Factors Determining Callbacks to Job Applications by the Unemployed: An Audit Study
We use an audit study approach to investigate how unemployment duration, age, and holding a low-level “interim” job affect the likelihood that experienced college-educated females applying for an administrative support job receive a callback from a potential employer. First, the results show no relationship between callback rates and the duration of unemployment. Second, workers age 50 and older are significantly less likely to receive a callback. Third, taking an interim job significantly reduces the likelihood of receiving a callback. Finally, employers who have higher callback rates respond less to observable differences across workers in determining whom to call back. We interpret these results in the context of a model of employer learning about applicant quality.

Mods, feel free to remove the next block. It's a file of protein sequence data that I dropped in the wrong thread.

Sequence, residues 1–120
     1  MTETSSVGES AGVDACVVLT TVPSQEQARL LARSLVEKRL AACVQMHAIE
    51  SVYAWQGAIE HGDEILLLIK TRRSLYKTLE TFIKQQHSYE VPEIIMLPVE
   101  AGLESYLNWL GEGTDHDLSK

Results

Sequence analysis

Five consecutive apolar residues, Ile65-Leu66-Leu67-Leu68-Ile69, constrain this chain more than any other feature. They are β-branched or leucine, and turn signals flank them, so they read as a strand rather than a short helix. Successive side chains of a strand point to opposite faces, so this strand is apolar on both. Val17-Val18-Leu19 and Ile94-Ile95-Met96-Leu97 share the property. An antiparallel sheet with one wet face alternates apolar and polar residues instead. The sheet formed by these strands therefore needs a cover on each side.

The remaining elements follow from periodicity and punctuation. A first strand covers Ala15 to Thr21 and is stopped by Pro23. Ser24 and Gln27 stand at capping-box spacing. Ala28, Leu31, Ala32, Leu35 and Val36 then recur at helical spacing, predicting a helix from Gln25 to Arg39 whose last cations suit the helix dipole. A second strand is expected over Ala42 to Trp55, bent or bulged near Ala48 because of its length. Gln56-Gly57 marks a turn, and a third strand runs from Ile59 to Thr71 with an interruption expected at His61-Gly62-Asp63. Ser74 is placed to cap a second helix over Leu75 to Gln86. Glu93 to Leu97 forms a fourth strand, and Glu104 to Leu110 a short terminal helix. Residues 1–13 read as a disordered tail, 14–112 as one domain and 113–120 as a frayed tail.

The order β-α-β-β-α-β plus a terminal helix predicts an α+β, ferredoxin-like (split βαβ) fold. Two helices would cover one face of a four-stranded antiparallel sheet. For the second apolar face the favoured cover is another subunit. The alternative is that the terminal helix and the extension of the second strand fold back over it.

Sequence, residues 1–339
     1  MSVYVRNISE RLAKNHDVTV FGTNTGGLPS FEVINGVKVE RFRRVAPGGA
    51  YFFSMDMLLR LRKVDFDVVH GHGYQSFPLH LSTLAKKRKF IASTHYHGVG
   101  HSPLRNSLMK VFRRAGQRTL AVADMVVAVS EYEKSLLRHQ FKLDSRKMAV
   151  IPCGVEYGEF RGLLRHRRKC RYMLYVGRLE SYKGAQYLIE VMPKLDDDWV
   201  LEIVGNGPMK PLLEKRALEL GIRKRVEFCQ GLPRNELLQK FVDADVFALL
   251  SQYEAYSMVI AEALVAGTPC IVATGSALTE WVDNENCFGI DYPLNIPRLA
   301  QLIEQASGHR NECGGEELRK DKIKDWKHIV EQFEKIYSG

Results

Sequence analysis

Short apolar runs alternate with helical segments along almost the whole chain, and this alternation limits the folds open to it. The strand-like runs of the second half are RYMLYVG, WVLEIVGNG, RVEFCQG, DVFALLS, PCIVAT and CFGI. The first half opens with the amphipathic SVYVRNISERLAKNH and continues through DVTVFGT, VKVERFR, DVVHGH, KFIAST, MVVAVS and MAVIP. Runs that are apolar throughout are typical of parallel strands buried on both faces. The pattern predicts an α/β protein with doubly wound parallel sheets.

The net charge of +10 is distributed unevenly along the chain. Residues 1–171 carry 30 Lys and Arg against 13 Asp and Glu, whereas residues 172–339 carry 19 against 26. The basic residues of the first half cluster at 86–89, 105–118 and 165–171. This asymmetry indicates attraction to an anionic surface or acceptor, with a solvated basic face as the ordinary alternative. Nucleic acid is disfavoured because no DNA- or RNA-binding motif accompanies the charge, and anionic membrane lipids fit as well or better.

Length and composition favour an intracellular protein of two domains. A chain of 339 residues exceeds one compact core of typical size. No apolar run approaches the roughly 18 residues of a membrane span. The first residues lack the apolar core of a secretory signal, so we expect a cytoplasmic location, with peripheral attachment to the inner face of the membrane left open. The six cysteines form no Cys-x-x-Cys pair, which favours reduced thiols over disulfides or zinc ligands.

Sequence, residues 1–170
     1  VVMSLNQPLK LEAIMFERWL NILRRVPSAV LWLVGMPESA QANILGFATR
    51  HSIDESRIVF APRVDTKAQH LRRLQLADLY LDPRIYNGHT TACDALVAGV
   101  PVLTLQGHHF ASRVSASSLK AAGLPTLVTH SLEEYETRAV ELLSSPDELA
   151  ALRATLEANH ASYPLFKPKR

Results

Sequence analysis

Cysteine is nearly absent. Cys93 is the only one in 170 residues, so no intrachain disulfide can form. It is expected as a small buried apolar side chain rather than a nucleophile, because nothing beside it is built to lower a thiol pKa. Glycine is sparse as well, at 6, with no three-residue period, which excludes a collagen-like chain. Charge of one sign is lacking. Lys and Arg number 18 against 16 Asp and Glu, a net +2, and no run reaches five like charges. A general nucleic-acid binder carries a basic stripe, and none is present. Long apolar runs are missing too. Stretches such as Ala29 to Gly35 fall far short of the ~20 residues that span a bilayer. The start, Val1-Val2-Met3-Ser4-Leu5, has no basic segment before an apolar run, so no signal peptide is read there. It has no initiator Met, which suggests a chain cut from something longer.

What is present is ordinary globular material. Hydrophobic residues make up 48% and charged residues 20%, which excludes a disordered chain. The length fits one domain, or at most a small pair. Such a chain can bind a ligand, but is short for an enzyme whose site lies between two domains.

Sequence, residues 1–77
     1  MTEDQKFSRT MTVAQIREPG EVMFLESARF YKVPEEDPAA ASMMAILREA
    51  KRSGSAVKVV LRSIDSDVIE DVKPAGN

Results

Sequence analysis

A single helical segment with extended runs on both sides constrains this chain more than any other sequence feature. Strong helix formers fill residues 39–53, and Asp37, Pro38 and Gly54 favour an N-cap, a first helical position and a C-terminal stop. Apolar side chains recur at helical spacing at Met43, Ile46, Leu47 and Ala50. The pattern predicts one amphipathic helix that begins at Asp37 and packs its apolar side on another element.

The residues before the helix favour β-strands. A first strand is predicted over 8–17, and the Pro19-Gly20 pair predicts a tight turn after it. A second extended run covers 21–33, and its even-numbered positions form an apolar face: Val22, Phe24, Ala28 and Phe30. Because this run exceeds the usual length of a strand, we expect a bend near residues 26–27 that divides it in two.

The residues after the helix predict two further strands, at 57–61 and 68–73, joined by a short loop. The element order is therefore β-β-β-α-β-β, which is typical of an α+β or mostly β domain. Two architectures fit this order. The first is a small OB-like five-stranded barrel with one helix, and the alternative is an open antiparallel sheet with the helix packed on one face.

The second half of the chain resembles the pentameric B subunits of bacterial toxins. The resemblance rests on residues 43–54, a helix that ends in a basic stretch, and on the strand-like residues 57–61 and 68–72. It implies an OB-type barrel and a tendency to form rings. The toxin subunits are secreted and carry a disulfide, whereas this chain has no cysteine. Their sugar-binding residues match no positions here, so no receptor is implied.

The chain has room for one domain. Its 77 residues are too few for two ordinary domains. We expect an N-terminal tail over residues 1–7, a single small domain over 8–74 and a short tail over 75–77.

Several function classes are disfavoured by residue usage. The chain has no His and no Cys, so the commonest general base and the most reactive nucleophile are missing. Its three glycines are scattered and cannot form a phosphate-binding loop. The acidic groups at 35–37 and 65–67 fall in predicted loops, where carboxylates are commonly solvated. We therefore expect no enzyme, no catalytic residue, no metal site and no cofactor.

The authors thank the Sloan Foundation for financial support. They also thank Joanna Lahey, Matthew Notowidigdo, and participants in workshops at CREST, Princeton University, Russell Sage Foundation, Sloan Foundation and UCLA for helpful comments and discussion. The views expressed herein are those of the authors and do not necessarily reflect the views of the National Bureau of Economic Research.
Factors Determining Callbacks to Job Applications by the Unemployed: An Audit Study Henry S. Farber, Dan Silverman, and Till M. von Wachter RSF 2017 3:3, 168-201